Being at the top end of the income scale doesn't necessarily mean you're all that smarter than the average person, according to a new study – and those in the top 1 percent of the earnings scale score lower in cognitive ability tests than those earning slightly less than them.
Researchers of the study argue that this "plateauing of cognitive ability" amongst the biggest earners shows that at the very top pay scales, the resources available due to someone's family background and lucky breaks in careers carry more weight than overall intelligence.
A team of researchers from Linköping University in Sweden, the European University Institute in Italy, and the University of Amsterdam in the Netherlands say that better cognitive ability plays more of a role further down the pay scale.
"We find that the relationship between ability and wage is strong overall, yet above €60,000 (US$64,407) per year ability plateaus at a modest level of +1 standard deviation," write the researchers in their published paper.
"The top 1 percent even score slightly worse on cognitive ability than those in the income strata right below them."
This is based on data from 59,387 Swedish men who completed a military conscription test aged 18 or 19. While this limits the findings in terms of nationality and gender, it still provides a relatively large sample across a variety of pay levels and occupations.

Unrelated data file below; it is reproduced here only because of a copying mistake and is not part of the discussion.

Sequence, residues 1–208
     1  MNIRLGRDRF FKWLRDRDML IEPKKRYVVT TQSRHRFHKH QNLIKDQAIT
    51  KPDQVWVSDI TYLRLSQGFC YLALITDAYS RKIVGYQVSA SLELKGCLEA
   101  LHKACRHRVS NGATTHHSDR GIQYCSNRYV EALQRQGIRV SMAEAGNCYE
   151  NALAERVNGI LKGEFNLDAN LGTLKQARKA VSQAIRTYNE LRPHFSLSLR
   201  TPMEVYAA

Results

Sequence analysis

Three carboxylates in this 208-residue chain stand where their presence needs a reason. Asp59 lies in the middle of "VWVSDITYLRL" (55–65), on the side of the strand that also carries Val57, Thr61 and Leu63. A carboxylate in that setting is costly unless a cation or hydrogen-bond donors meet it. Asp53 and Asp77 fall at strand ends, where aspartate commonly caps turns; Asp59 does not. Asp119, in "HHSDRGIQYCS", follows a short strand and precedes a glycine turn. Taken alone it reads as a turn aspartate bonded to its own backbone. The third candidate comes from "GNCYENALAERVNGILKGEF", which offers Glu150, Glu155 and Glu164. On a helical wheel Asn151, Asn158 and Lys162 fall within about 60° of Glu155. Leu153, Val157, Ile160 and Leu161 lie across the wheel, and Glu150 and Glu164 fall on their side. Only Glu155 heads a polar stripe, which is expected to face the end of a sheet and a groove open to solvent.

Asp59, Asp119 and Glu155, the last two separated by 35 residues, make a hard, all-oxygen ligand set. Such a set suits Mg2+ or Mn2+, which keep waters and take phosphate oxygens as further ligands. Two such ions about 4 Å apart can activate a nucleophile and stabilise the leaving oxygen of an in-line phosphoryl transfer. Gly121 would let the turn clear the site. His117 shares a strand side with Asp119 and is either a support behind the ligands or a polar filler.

The findings challenge the standard narrative that many live in a meritocracy where success and higher levels of income are earned by superior intellect and talent. In the most successful, the data here show intelligence does not increase as much as success when going further and further up in earnings.
That's not to say that being clever or studying hard doesn't matter at all in terms of how much you earn – it does play a part – but that at the top pay levels, other factors come into play, and those factors take on more significance over time.
These can include things such as socioeconomic background, culture, personality traits, and luck.
"Small initial success differences between individuals are not canceled out over time but instead grow into winner-take-all distributions characterized by extreme inequalities," write the researchers.
The study also found that with higher pay scales, job prestige doesn't increase with cognitive ability: In professions such as doctors, lawyers, and professors, more prestige doesn't seem directly related to more income.
All of this is important in a world where the ultra-rich continue to get richer and have more influence over global political, social, and economic landscapes. These very top earners aren't always going to be the smartest people in the room.
With increased focus on inequality across the world, the argument that those taking home the most pay deserve it the most is one that needs to be challenged, the researchers point out – especially at the highest end of the scale.
"Recent years have seen much academic and public discussion of rising inequality," write the researchers. "Along an important dimension of merit – cognitive ability – we find no evidence that those with top jobs that pay extraordinary wages are more deserving than those who earn only half those wages."
The research has been published in the European Sociological Review.